worldwide hold. For outside the core speakers, it is estimated that upwards of three hundred million
have English as a second or third language essential, as in India and Singapore, to enter into many of
the central processes of society. There is yet another batch who use English as the preferred adoptive
means of communication. Many from different languages now speak to each other in English rather
than in either one of their own languages — say Malay or Russian. This figure has been estimated to
be over a billion and rising rapidly.

A lateral-thinking way to look at this is to measure the economic strength of different languages. Measured in billions of pounds, Chinese is “worth” four hundred forty-eight billion, Russian eight hundred one, German one thousand and ninety, Japanese one thousand, two hundred seventy-seven billion, English four thousand, two hundred seventy-one. English is the buyers’ and sellers’ language, the stock language of the market.

And English is the first language among equals at the United Nations, at NATO, the World Bank, the International Monetary Fund. It is the only official language of OPEC, the Organisation of Petroleum Exporting Countries, the only working language of the European Free Trade Association, the Association of Baltic Marine Biologists, the Asian Amateur Athletics Association, the African Hockey Federation . . . while it is the second language of bodies as diverse as the Andean Commission of Jurists and the Arab Air Carriers Association.

And that is not the end of it.


24

And Now…?

For centuries English was outstandingly successful at feeding off other languages and turning them into English, often endowing them with a quality which made them seem agelessly English. Now it is feeding other languages.

So in Russian, for example, they now use “futbol,” “chempion,” “kemping” (camping), “khobb” (hobby), “klub,” “striptiz,” “ralli,” “boykot,” “lider” (leader), “pamflet,” “bifshteks,” “grog,” “keks,” “puding,” “myuzikl,” “kompyuter,” “mobilny telefon,” “faks,” “konsultant,” “broker,” “sponsor,” “kornfleks,” “parlament,” “prezident,” “spiker” (speaker), “elektorat,” “konsensus,” “ofis,” “supermarket,” “loozer” (failure). In Japan we have mentioned one or two; others include: “raiba intenshibu” (labour intensive), “rajio” (radio), “konpyu-ta” (computer), “kare raisu” (curry rice), “supootsu” (sports), “autodoasupo-tsu” (outdoor sports), “sutoresu” (stress), “insentibu” (incentive), “akauntabiriti” (accountability), “ranchi” (lunch), “kissu” (kiss). Brazil is to ban the increasing number of English words and expressions, such as: “sale,” “50 percent off,” “spring,” “summer,” “shopsoiled,” “exuberant,” “overtime” (watch shop), “New Garden.” In São Paolo’s Shopping Centre, ninety-three out of two hundred fifty-two stores featured English words in their names. When President Cardoso recently used “fast track” in a speech, he was criticised for it. There is no doubt that certain governments think, as Gandhi did to an extreme degree, that the use of the English language is enslaving and a danger to the native tongue.

No one objects more than the French, who have contributed many thousands of words to English. The traffic was almost all one way until halfway through the twentieth century, when the flow was reversed. The French dislike this intensely. Yet, inexorably it seems, they say “le weekend,” “le twin set,” “le look,” “un holiday,” “le midwife,” “le parking,” “le gros rush” (rush hour), “le garden party,” “les drinks,” “le score,” “le front desk,” “le building,” “le mixed grill,” “un pullover,” “aftershave,” “le babysitter,” “le barmaid,” “le camping,” “le cowboy,” “le cocktail,” “le hold up,” “le jogging,” “le jukebox,” “le jumpjet,” “le know-how,” “le manager,” “le name-dropping,” “le rip off,” “le sandwich,” “le selfmade-man,” “le showbiz,” “le stress,” “le supermodel,” “le zapping.” And many more.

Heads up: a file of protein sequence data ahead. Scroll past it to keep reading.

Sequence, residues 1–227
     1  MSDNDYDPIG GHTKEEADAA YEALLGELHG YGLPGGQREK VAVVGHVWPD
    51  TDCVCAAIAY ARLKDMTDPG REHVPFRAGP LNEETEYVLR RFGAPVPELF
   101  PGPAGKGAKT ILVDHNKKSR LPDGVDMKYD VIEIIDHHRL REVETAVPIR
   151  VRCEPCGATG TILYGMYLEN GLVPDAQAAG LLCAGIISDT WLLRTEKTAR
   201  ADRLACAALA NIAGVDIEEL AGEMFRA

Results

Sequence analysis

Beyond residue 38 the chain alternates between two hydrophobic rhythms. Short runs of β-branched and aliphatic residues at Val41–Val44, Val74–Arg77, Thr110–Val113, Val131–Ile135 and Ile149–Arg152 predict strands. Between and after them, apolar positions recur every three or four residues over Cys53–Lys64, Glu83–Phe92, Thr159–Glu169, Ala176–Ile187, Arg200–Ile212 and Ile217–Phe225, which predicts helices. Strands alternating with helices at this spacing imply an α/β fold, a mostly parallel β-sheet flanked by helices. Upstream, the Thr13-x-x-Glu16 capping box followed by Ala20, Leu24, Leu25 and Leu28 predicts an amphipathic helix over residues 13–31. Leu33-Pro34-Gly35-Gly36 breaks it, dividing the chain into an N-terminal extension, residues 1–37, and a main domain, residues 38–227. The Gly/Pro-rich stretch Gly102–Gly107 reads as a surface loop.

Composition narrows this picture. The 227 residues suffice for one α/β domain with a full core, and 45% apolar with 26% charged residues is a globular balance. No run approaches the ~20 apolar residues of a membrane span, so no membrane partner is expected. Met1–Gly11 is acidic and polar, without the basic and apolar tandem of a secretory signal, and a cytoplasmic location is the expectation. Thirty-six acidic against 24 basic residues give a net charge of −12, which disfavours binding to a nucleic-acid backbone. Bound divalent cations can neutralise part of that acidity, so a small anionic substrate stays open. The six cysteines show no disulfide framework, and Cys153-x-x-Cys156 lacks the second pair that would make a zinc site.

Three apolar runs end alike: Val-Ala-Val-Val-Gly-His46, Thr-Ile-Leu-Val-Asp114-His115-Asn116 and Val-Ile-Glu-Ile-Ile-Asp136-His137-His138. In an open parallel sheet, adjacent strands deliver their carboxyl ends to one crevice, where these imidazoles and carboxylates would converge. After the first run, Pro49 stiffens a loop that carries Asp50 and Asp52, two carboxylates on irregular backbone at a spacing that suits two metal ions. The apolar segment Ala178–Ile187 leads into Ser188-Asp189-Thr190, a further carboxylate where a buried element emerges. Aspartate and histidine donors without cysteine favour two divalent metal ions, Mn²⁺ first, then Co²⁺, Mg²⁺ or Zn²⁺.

In 1994, the French government passed a law prohibiting the use of English words where good French equivalents existed. This can be enforced by a hefty fine. The most recent edition of the Académie Française dictionary admitted about six thousand new words to the French language, including “le cover girl,” “le bestseller” and “le blue jeans,” but none of those I listed above, from “le weekend” to “le zapping.” We’ll see who wins: the street talk or the state censors. France’s concern for its own language is exacerbated by the drift towards English in the European Union. People who can speak English in Europe outnumber those who can speak French by three to one and the margin grows.

One of many predictions about the future of English is that as time goes on, the mother tongue as we know it, tested and embellished in England, then in Britain, then America, Australia, India, Canada, New Zealand, South Africa, will be spoken only by a minority of English speakers. Other Englishes are being formed all the time.

Singlish in Singapore is a good example. English was used in Singapore for a hundred fifty years and when it went independent in 1958, Singapore made it the official language of business and government, partly because English united the diverse population of Chinese, Malays and Indians and partly because of its commercial and financial importance. But alongside official English you also hear Singlish, which grows and develops despite the efforts of the government to root it out. Some scholars believe that Singlish indicates the way in which future Englishes will develop. In so many ways it fits the tongues and the traditions and the vocal rhythms of the people of Singapore much better than official English and could threaten to replace it. And is it not yet another dialect of English?